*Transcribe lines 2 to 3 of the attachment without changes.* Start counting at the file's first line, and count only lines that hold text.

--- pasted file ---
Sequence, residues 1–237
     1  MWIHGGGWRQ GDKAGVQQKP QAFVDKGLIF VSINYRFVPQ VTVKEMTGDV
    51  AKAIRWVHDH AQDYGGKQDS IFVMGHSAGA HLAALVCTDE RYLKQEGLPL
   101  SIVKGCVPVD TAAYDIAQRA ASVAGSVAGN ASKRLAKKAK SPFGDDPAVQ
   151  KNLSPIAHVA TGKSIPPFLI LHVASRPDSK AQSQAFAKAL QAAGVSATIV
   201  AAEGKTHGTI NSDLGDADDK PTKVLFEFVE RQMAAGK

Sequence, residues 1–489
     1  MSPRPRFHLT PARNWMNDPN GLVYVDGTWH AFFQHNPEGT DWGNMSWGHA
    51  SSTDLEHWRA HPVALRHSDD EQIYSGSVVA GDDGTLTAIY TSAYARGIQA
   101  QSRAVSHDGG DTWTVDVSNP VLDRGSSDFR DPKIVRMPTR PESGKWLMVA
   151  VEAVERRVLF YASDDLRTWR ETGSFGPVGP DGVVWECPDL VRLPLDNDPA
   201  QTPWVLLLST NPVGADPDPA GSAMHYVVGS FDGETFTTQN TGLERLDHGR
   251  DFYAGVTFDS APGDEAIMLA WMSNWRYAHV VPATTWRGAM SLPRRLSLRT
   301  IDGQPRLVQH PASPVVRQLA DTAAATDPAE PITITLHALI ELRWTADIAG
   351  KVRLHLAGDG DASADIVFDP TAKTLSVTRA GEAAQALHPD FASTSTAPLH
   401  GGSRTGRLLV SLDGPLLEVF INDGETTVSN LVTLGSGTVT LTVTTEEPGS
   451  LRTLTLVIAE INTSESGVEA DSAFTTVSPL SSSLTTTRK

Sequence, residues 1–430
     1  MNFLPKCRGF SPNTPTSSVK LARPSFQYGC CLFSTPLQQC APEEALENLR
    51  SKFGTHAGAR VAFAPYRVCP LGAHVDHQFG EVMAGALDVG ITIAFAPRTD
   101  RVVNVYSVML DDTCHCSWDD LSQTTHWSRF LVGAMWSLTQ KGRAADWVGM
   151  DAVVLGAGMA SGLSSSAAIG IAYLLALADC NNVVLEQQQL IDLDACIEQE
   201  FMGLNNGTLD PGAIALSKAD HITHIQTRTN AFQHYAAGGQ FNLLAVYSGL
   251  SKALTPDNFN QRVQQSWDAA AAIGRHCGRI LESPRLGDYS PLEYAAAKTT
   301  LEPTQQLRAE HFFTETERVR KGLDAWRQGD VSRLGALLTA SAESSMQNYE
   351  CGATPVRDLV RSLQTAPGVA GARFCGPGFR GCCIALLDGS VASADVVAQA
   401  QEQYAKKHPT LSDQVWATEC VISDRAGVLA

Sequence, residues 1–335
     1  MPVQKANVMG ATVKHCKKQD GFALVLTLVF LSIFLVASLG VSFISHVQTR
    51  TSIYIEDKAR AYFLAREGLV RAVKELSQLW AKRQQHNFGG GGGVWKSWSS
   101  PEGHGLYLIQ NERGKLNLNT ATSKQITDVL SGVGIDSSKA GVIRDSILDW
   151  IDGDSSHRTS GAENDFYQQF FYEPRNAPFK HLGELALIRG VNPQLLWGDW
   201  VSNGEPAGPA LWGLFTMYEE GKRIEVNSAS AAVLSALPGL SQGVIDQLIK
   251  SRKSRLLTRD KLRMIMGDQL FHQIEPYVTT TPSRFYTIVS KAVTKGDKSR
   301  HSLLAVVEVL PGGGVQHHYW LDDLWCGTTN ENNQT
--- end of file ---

     1  MWIHGGGWRQ GDKAGVQQKP QAFVDKGLIF VSINYRFVPQ VTVKEMTGDV
    51  AKAIRWVHDH AQDYGGKQDS IFVMGHSAGA HLAALVCTDE RYLKQEGLPL